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Monday, April 13, 2015

Why write about sad stuff?

A good friend read an early version of Infinite Sum and asked why I was still writing about the sad stuff. For those who haven't read Divide by Zero, it tells a story of how abuse affects a small-town community. Infinite Sum makes it all that bit more personal by looking at how it affected an individual within that community. So yea, it's sad stuff. And my reviews in this post will all be related to sad stuff of one sort or another. So... why write sad stuff, and why do people read sad stuff?

I guess one answer might be because sad stories usually end well--they remind us that even when our lives are at their darkest, there's still hope. Maybe there's a misery-loves-company aspect to it too--when we're down and out, it's helpful, in a down-and-out sort of way, to know somebody out there's worse off than we are. And maybe it's because sad stuff wakens up our emotions. Shadows help us see the light. Darkness blown away reveals life's colors. And hiding our face in a book, like a child playing hide-and-go-seek, means the whole world looks so much more enticing and delightful when we let it back in.

Anyway, that's my two pennorth, and here are some sad books. Choose your coffee from the rating, and remember, it's for flavor, not quality.

First is Girl, by Robert N. Chan, a dark, haunting novel of an abused girl overcoming mythical odds as she reinvents herself. Rising up, torn down, and rising up again, she mirrors a world of wounded people before she finally accepts herself as maybe worthy of a name. Drink some rich, elegant, complex four-star coffee with this darkly elegant complex tale.

Another dark, complex modern-day novel is Under the Channel, by Gilles Petel, a very French novel with that feel of noir crossed with myth and modernity. Somebody dies on a train under the channel. A French detective takes a walk in the dead man's shoes to learn why he died. And the fragile structures of relationships fall apart. It's an elegant tale, deserving another four-star elegant coffee.

Harbour Falls, by S. R. Grey, is a small-town American romantic mystery/suspense novel set on the coast of North Maine. The romance is a lot more conventional (less French perhaps?) than in Under the Channel, and mystery plays a more obvious part. Locations are pleasingly evocative, and characters humanly annoying, but there's plenty of murder and death to darken the tale. Enjoy with a bold, dark intense five-star coffee.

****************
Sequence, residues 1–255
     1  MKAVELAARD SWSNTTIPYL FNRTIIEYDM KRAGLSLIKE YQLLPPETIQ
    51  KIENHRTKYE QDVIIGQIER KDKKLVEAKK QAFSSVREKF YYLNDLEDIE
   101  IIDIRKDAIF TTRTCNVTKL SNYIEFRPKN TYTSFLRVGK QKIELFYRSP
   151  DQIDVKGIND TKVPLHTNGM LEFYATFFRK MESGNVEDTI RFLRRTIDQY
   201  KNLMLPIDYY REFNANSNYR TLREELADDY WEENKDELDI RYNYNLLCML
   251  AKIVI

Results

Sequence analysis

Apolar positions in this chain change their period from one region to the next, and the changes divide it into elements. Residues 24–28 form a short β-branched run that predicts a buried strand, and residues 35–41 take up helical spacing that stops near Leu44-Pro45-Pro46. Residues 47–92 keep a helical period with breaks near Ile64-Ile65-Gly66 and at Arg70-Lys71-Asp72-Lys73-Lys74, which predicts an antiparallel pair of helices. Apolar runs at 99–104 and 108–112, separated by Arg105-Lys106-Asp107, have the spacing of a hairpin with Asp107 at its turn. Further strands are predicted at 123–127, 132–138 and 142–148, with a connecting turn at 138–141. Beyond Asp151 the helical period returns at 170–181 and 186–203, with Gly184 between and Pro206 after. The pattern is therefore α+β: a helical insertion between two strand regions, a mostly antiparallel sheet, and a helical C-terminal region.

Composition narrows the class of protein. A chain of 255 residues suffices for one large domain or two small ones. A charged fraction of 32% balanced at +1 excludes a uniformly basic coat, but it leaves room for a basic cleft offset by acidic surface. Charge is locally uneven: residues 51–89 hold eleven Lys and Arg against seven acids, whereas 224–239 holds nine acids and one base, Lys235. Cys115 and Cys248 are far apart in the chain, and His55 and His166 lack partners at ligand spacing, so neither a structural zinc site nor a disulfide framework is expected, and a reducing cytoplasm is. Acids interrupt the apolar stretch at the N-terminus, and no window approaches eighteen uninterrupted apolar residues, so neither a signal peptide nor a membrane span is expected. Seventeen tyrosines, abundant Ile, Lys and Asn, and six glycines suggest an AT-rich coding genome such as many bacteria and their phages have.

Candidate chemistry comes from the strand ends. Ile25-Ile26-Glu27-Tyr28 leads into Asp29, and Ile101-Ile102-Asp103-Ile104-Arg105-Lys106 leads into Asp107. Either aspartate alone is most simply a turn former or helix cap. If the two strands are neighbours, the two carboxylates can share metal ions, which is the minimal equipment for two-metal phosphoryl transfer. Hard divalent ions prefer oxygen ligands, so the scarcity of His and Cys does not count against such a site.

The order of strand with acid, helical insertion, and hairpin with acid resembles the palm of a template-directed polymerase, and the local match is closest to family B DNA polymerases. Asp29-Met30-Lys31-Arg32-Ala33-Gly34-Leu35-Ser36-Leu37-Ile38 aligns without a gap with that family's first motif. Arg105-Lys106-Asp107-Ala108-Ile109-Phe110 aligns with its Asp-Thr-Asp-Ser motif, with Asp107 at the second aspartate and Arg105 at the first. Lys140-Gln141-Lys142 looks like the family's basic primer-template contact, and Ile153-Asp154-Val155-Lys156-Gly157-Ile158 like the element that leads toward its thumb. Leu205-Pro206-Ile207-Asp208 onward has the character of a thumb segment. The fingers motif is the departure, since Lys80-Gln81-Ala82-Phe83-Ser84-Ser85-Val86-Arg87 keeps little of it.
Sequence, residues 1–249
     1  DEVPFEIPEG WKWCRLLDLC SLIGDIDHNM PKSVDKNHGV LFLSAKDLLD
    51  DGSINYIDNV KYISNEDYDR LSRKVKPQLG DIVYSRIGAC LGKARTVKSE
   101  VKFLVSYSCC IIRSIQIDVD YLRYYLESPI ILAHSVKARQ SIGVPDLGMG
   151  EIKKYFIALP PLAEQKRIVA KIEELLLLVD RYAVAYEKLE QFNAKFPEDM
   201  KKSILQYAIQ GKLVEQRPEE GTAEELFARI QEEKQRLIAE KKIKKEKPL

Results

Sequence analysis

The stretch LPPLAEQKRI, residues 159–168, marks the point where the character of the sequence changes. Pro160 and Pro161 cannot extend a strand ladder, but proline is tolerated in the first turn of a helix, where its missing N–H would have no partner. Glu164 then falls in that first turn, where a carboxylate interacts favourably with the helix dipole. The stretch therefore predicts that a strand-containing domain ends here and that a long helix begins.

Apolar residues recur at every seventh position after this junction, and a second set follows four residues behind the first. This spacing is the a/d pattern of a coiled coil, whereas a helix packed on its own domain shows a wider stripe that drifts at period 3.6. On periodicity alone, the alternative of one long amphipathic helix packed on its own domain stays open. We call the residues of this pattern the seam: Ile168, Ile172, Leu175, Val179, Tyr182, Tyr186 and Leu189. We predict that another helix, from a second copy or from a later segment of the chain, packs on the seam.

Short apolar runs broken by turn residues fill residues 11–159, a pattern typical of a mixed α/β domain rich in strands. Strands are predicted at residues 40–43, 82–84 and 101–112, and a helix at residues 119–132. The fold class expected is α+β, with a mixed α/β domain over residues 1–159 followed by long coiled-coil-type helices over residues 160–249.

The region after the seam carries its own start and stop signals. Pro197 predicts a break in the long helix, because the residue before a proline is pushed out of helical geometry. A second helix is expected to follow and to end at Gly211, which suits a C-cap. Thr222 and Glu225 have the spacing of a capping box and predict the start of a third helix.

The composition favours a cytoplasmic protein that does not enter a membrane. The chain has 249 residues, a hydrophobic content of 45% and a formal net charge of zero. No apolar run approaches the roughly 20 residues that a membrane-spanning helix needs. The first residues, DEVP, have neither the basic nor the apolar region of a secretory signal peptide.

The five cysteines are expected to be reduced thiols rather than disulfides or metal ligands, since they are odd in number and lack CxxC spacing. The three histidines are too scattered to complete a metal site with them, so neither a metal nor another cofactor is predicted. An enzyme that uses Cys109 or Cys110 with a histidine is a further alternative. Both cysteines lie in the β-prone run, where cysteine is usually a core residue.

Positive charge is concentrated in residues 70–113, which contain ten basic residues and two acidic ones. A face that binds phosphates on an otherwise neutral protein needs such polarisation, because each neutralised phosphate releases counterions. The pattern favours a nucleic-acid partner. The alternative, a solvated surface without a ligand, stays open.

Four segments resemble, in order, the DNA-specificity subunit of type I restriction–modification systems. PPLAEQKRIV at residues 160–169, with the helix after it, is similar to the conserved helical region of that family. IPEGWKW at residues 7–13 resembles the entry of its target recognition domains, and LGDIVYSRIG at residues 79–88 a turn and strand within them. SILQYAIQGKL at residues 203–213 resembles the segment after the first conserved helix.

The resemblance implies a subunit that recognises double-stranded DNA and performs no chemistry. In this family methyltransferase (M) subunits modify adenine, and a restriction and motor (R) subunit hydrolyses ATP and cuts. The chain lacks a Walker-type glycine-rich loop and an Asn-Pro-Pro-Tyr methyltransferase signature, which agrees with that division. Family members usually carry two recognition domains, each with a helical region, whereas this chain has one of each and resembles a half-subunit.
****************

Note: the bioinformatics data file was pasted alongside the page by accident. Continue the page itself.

Small Town Trouble, by Jean Erhardt, looks at death in a small American town as well - more murder, more mystery and suspense, and more romance as the young woman determined to solve the crime mourns her absent married lover and falls anew for her girlfriend from high school. Lots of inner dialog again - maybe small-town heroes like to really wrap their minds around their sad stuff. It's an interesting mix of humor and scares, best enjoyed with some more bold dark five-star coffee.

But adults aren't the only ones who read mildly sad fiction. What about kids? They deal with everyday sorrows in their everyday lives as well, so here's a review of a children's book, Gianna the Great, by Becky Villareal. A young girl, unsure of where she fits into the world, joins a history club and discovers genealogy. Okay, it's not particularly sad, but that sense of not belonging is one most of us can relate to. Enjoy with tale with a well-balanced smooth cup of coffee (but I wish it was longer!).


Jean H. said...

I like your explanations for why we read sad stories. Especially resonant was your explanation that there is usually hope at the end.

Sheila Deeth said...

Interesting - Dan Berne mentioned a need for hope in the ending of a novel didn't he?